This Week's Cover: 'The Hunger Games' -- Game On!
The Hunger Games
“Is it violent?” says director Gary Ross of his PG-13 film. “Yes. Do we back off from what it is? No, we don’t.”
The March 23 release of The Hunger Games is nearly upon us. While we can’t make the clock turn any faster, we can offer fans of Suzanne Collins’ best-selling dystopian trilogy (and newcomers, too) a deep, behind-the-scenes look into the making of the film, from conception to casting, filming to marketing.
Perhaps no bit of casting news was met with greater surprise than Lenny Kravitz taking on the role of Cinna, hero Katniss Everdeen’s deeply cool and compassionate stylist. Kravitz was working on his album, living out of a trailer in the Bahamas and oblivious to the Hunger Games phenomenon, when Ross first approached him to offer him the part. The director had been moved by the musician’s gentle grace in Precious and was further intrigued by the fact that Kravitz already felt a nurturing bond with star Jennifer Lawrence, who had become close friends with his daughter Zoe during the filming of X-Men: First Class. “I love that girl,” says Kravitz. “The minute I met her she became a part of the family.”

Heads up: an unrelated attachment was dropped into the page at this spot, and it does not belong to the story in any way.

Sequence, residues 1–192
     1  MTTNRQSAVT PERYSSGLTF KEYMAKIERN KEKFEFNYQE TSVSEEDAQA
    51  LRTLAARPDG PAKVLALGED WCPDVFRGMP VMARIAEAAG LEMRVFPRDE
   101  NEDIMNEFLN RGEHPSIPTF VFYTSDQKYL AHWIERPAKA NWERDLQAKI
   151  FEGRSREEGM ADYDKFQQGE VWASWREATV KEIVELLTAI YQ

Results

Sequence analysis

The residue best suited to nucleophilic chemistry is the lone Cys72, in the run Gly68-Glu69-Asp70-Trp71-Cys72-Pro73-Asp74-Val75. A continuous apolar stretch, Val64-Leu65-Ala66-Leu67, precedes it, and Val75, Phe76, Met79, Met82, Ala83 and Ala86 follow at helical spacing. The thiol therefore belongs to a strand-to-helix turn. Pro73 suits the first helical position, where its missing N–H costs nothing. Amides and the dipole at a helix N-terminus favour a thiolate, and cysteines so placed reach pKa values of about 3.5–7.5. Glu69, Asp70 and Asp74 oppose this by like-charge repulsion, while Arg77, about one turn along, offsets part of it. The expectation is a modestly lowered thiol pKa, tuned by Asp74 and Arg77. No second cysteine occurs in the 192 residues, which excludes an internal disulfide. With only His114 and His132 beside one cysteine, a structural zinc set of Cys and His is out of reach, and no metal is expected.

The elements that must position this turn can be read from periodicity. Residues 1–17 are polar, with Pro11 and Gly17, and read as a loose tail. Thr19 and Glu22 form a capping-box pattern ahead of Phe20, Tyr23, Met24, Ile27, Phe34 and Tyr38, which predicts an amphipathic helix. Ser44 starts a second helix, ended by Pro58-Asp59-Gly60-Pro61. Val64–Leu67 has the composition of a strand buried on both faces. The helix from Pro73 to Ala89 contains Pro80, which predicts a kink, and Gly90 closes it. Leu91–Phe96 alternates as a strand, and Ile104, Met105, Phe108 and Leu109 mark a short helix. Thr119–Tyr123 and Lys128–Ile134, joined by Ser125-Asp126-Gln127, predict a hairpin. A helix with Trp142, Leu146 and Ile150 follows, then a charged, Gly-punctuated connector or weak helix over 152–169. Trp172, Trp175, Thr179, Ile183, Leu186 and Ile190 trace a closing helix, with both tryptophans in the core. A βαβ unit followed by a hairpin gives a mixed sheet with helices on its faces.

It took one sleepless night of reading a downloaded version of The Hunger Games in his trailer for Kravitz to commit. But Woody Harrelson, who initially turned down the role of Katniss and Peeta’s sodden wreck of a mentor Haymitch, was a harder sell. “Listen, I’m nuts,” he explains. “It was just a stupid thing where I hadn’t read the books yet. I didn’t see that there was enough for me to do in the script. But then Gary called me back and said ‘You got to do this, I don’t have a second choice for the role.’ And of course flattery always gets the best of me so I read the books and really saw the depths of this guy. Holy s—, I would have been bummed to miss this.”
For more on The Hunger Games, including what you won’t see in the movie and how Jennifer Lawrence is enjoying her last few days of anonymity, pick up the new issue of Entertainment Weekly, on stands Friday, March 2.
Entertainment Weekly is now available on most tablets, including the iPad, Nook Color, Kindle Fire, and Samsung Galaxy. Think of it like the EW you already love, but on steroids: With our digital magazine, you can buy the recommended movies, albums, books, and DVDs while you’re reading about them. Plus you can watch music videos and film trailers, and find movie showtimes in your neighborhood. Current subscribers can access the digital version of EW for free by downloading EW app (also free) and logging in using your name and address or the information on your subscription label. Single copies of the magazine are also for sale through the app if you prefer to read EW that way. If you’re not a subscriber, but would like to become one, you can can do so by going to ew.com/allaccess.
More ‘Hunger Games‘:
The Hunger Games